Youth council threatens strike, Education Committee stalls on cuts

The Likud asked for a lengthy recess ahead of the vote following a stormy five-hour debate. The recess enabled the coalition to draft enough support for the cutbacks

July 8, 2019 18:34
3 minute read.
Pupils at Tiferet Chaya School for Girls in Elad

Pupils at Tiferet Chaya School for Girls in Elad. (photo credit: Courtesy)

The National Students and Youth Council (NSYC) announced on Sunday it would hold a strike if the Knesset Education Committee cuts funding for school trips as part of potential cutbacks to school-related programs and instead asks parents to pay for them.

The NSYC announced in a press release that they are particularly outraged by the discussion surrounding school trips. If the committee decides not to fund the trips, the council said they plan to strike at the beginning of the school year.

“It is inconceivable that students will be deprived of cultural events, plays, annual trips,” said Liel Malkovich, chairman of the NSYC. “This is not the first time the annual trips are in danger, once again students become the punching bag of unnecessary ego wars.”

The announcement comes in response to Sunday’s committee meeting, where Prime Minister Benjamin Netanyahu nearly suffered a political blow as the opposition almost blocked a proposal by his government to no longer cover certain educational initiatives.

The Likud Party asked for a lengthy recess following a stormy five-hour debate, which enabled the coalition to draw enough support for some of the planned cuts. However, the committee did not come to an agreement on the matter, and delayed voting on key elements of the cuts.

Addressing allergies in the schools’ lunch program was among the three funding cuts components that were approved by the committee, as well as personal accident insurance and textbooks. An additional discussion will take place in a few days regarding the rest of the payments, including a cultural package, class parties, parent committees and the school trips.

The topic of school trips was discussed at length by MKs, as the Blue and White Party urged that parents should not be responsible for the cost. They claimed that this creates unnecessary financial divides between children.

“[This is] a historic victory for the Blue and White in the Education Committee,” the Blue and White Party announced after the decision on the trips and other issues was stalled. “For the first time, we stopped the education system from robbing parents by halting the decision on parents’ payments, except for compulsory insurance for the year and books.”

The committee meeting attracted a full room of parents and educational professionals.

“Some families don’t have enough to send their child a sandwich for lunch, how are they supposed to pay for school trips?” heckled one member of the audience.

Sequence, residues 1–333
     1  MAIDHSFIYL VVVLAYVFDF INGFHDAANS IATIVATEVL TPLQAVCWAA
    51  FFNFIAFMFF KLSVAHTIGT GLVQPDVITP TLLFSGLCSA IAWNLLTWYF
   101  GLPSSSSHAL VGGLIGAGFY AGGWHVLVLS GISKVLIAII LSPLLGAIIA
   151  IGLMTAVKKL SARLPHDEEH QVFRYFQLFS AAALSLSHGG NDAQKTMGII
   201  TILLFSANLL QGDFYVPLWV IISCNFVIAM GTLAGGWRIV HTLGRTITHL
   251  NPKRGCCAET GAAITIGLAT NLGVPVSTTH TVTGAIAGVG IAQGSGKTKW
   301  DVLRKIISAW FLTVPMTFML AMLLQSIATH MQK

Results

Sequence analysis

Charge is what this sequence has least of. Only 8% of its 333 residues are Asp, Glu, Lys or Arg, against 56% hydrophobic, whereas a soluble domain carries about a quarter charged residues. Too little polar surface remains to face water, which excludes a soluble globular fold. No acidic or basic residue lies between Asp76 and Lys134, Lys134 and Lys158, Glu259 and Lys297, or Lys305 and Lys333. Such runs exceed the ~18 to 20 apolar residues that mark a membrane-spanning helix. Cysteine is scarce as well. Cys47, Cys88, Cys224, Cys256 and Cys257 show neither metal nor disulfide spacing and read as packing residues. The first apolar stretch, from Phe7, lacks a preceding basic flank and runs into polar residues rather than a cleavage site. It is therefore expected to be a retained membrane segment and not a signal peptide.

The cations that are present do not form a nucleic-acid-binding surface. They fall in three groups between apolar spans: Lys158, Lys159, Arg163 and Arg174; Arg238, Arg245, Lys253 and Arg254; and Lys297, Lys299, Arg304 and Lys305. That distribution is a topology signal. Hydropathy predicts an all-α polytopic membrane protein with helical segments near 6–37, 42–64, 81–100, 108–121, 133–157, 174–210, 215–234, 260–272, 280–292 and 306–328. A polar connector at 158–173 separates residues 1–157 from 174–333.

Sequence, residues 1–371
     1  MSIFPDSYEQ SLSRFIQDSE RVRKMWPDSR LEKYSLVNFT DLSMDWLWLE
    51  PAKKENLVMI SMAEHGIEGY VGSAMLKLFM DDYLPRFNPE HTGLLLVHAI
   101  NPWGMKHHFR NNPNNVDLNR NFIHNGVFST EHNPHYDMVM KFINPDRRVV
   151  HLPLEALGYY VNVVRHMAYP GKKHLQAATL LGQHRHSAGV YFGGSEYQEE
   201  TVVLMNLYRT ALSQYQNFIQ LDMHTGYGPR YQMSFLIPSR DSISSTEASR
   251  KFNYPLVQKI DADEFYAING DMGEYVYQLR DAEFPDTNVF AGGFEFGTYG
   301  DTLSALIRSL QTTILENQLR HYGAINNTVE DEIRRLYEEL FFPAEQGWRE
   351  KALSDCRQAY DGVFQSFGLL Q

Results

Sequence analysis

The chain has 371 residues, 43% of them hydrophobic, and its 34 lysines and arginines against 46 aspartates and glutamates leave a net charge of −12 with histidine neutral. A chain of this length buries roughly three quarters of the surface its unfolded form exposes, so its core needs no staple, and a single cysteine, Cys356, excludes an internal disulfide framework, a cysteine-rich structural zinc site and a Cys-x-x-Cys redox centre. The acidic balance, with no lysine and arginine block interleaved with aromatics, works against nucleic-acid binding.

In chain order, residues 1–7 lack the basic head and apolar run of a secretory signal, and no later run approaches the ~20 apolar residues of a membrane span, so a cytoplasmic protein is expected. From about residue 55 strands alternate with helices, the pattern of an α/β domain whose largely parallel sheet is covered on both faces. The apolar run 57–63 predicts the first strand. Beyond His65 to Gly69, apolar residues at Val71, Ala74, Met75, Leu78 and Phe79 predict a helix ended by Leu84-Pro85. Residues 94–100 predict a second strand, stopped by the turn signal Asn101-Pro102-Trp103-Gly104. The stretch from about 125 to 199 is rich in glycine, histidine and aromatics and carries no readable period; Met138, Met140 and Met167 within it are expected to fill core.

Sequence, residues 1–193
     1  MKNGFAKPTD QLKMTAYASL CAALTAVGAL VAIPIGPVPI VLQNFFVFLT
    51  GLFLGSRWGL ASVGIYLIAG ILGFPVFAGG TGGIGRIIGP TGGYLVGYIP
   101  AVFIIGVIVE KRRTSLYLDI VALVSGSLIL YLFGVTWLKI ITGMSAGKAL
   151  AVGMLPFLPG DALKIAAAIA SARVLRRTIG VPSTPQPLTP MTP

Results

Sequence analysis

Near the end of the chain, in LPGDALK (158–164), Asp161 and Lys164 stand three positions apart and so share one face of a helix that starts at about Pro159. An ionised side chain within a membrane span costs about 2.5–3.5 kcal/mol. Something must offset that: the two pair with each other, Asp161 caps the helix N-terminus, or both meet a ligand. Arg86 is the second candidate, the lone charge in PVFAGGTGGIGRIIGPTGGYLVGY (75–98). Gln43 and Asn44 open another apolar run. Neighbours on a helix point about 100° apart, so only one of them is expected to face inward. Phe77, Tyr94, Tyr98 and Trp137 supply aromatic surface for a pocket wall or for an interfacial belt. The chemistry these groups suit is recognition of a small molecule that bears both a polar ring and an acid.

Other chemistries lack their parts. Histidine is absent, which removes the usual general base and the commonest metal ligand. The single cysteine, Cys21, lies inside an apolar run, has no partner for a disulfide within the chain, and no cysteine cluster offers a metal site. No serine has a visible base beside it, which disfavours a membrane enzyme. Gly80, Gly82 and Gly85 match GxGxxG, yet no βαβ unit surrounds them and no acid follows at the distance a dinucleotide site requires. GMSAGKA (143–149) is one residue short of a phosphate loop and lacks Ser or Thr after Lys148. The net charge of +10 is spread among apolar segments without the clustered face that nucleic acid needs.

Blue and White MK Michael Biton, a Yeroham native, and Likud MK Kati Shitrit got into a heated discussion about the subject, as Biton accused the Likud of trying to rob Yeroham’s children of equal opportunity.

“If we do not approve the parents’ payments, 80% of the parents will find a way to get their children on trips,” said Ya’acov Margi, Shas MK and chairman of the committee. “The ones who will struggle will be students from the lower socioeconomic strata.”
Malkovich said the NSYC believes the government should prioritize students over politics.

“This issue can be solved without harming students and their studies,” he said. “The Ministry of Education has one of the highest budgets among government ministries, it is impossible to start the next school year without deciding on the cultural package and annual trips, which are integral parts of the student routines.”

Blue and White MK Orly Fruman accused the Education Ministry of treating parents as a cash register.

“It is time for long-term planning to ease the burden on the parents, and for the state to take responsibility for funding what is called ‘free compulsory education,’” she said.

Meanwhile, Blue and White MK Karin Elharar asked the committee to hold discussions on the Supervision of Day Care Law in the Education Committee during the election period.

“The demand that I passed on to the Education Committee to continue working energetically to advance the regulations of the Supervision of Day Care Law is beginning to take shape,” she said.

She demanded that changes come into effect before Election Day.

“Our children cannot wait until the elections are over,” she added, referring to a recent incident in which a nursery daycare worker was charged with child abuse. “The law has to go into effect on September 1, 2019, so that horror stories like Rosh Ha’ayin will never happen again.”

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